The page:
Wednesday, July 13, 2011

Sweet Sweat

Normally I don't like being sticky, hot and dripping. (Wow! That sounds like a gloriously sticky sweet roll right out of the oven...) However, my first thought was that typical humid Michigan summers have their downsides. Doing any kind of outdoor work in mid-summer results in a clothes-soaking, dust-and-dirt-sticking, disheveled appearance.

I recently found myself in this state just as a storm hit and took out the electricity for seven hours. That meant that for the rest of the day I was waiting, hoping, trusting that the power would return so that I could shower and relieve myself of the grime and itchy film of filth all over my body. It was not to be. The power stayed off and the time approached when I was really going to have to do something to get cleaned up. I had a dinner engagement that I didn't want to miss. Fortune was on my side. A unexpected visit from a friend on the other side of town, the side with electricity, provided me with the answer. I packed up a change of clothes and went to her house and was cleaned up with time to spare.

One of the greatest pleasures in life is warm, clean water flowing over a tired, muddy body. You can be exhausted, sure that you have no strength left for anything. But the refreshment of that water rejuvenates and energizes and relaxes. You come out of that bath feeling like a human being again. I'm tempted to get distracted with all the baptismal symbols here, but I don't want to go there just now. The main thing I want to say is that hard work--getting sweaty, dirty and worn out--has rewards. You can see the product of your labors and look forward to the blissful shower to come. That is the sweetness of getting sweaty.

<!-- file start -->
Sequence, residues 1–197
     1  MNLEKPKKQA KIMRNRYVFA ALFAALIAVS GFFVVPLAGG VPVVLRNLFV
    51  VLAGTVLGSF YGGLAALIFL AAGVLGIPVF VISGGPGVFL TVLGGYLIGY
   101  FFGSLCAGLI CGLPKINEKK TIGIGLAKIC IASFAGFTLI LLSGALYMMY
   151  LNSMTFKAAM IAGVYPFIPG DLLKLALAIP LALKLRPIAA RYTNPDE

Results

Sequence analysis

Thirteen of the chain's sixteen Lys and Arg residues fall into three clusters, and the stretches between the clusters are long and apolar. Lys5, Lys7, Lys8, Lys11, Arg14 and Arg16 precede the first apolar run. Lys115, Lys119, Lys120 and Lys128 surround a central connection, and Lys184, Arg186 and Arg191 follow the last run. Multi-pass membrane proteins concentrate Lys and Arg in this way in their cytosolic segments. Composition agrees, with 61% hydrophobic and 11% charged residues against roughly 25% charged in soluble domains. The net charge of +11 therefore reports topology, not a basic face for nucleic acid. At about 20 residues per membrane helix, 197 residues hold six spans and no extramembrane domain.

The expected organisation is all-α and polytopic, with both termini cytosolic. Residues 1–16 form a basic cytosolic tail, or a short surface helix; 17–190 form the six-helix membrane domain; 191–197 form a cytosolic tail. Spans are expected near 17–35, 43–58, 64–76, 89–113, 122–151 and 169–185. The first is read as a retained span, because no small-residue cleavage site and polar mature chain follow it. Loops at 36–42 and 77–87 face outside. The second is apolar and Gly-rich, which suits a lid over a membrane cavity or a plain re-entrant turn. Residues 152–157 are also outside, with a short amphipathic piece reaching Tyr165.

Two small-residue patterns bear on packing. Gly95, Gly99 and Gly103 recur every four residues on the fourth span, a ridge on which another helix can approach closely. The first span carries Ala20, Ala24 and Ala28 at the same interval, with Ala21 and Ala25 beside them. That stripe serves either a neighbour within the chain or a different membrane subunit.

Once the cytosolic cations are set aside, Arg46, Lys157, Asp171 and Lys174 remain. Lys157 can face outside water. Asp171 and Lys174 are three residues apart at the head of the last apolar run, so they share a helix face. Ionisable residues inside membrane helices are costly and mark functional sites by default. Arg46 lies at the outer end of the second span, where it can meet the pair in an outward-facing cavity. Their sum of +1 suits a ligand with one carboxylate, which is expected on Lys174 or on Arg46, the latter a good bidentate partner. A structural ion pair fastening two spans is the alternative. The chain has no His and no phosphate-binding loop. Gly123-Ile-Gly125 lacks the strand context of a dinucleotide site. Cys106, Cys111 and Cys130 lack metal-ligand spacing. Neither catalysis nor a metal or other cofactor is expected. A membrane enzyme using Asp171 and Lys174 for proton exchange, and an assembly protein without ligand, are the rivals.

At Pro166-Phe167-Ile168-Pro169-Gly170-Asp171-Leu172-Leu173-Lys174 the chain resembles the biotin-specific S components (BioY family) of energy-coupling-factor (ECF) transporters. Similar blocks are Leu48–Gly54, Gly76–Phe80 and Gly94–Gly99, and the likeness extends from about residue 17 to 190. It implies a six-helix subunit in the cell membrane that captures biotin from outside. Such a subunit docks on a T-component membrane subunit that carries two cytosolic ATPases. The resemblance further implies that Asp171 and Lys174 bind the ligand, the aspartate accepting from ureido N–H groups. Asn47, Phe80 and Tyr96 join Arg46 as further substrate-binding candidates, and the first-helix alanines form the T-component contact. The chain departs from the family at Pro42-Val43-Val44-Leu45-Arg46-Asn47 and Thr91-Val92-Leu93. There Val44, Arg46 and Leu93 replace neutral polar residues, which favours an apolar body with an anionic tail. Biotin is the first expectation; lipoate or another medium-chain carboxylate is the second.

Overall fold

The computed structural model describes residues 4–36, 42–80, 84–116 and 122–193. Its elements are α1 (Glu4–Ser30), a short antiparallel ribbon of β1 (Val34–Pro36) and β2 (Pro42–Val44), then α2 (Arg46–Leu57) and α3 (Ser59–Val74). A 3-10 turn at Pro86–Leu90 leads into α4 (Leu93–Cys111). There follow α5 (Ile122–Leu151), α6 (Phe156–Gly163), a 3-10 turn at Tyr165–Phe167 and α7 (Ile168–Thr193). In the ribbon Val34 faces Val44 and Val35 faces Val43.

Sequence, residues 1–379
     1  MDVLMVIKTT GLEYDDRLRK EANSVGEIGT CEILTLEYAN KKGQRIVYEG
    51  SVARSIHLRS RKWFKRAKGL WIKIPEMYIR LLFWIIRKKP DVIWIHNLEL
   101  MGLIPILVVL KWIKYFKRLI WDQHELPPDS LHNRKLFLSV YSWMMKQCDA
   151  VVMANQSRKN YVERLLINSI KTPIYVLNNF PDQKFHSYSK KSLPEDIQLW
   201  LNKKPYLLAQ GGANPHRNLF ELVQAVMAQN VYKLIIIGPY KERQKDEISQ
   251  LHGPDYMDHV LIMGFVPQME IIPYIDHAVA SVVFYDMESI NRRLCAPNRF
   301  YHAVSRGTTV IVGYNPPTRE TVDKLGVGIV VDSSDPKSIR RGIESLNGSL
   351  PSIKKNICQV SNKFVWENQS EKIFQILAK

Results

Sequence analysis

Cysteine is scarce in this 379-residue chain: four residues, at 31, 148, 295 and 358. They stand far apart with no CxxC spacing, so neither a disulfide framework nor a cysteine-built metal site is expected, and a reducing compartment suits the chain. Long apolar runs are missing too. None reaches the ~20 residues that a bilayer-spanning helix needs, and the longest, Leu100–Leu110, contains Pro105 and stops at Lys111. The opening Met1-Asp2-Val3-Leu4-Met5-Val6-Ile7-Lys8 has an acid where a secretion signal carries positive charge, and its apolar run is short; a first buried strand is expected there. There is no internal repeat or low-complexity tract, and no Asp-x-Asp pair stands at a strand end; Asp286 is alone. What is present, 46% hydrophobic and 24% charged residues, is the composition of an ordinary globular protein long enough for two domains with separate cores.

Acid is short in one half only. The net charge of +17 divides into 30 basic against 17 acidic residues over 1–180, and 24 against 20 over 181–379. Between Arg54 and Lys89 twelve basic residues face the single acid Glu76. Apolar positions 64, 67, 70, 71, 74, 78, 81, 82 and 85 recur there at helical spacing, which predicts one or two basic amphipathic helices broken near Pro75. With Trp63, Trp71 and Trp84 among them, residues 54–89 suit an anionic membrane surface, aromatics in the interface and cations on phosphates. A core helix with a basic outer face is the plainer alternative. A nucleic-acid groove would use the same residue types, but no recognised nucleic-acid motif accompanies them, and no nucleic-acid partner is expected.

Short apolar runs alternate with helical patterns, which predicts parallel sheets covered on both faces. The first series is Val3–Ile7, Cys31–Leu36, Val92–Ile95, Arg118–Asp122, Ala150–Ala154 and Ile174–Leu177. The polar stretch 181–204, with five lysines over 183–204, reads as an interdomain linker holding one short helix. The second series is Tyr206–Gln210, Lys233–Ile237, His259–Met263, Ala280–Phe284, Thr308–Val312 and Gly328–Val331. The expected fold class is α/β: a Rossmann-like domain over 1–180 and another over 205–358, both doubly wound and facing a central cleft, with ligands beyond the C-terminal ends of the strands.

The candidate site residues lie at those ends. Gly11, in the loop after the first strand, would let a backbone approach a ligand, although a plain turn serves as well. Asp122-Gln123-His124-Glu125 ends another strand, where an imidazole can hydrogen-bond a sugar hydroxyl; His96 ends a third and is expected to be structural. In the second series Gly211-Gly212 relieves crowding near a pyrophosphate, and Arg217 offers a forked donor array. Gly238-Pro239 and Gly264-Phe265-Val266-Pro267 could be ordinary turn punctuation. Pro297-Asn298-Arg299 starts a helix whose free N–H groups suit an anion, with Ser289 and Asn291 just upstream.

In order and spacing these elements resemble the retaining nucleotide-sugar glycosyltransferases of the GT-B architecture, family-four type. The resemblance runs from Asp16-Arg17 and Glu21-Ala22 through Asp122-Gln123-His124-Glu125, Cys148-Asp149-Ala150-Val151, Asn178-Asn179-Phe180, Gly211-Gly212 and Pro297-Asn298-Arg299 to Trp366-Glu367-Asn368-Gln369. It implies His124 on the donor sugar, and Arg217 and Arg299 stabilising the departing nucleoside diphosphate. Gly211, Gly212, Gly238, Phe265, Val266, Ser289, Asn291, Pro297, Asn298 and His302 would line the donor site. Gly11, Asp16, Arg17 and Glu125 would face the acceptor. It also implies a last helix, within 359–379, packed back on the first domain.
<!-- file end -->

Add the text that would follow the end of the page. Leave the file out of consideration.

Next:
Friday, July 8, 2011

Roaming Home

Travel is stimulating. We anticipate it with enthusiasm and reminisce our wanderings with longing to return. While roaming the country or traveling abroad, we admire what we may never see again and indulge in pleasures because they are distant from home and attractive because unfamiliar.

When roughing it, what would be a major nuisance at home becomes a rustic adventure. When taking in the city high life, the deafening hustle-bustle and stench of transportation fumes becomes the life pulse of sophistication and culture.

I heard a lecture in college about vacations. It was a natural resources class intended to help students understand how to design and enhance a national park for maximum vacation satisfaction. I've never forgotten several points. They explained how emotions impact vacation. Anticipation rises as the departure time nears. Pleasure has an early peak right after beginning a trip and then settles into a contented plateau. When nearing the destination excitement begins to rise again. The point of the lecture was learning how to design a facility or park to keep the excitement level at high enough peaks and plateaus that the visitor leaves feeling successful about the experience.

What I don't remember about it is when the allure of home kicks in. When does that desire peak and plateau? Can you quantify the longing and relief when home comes in sight?

I love vacations. I anticipate them, get immersed in them, and hope for them to last. But once I'm packed to leave, heading for the turf I know best, I'm also glad to be roaming home.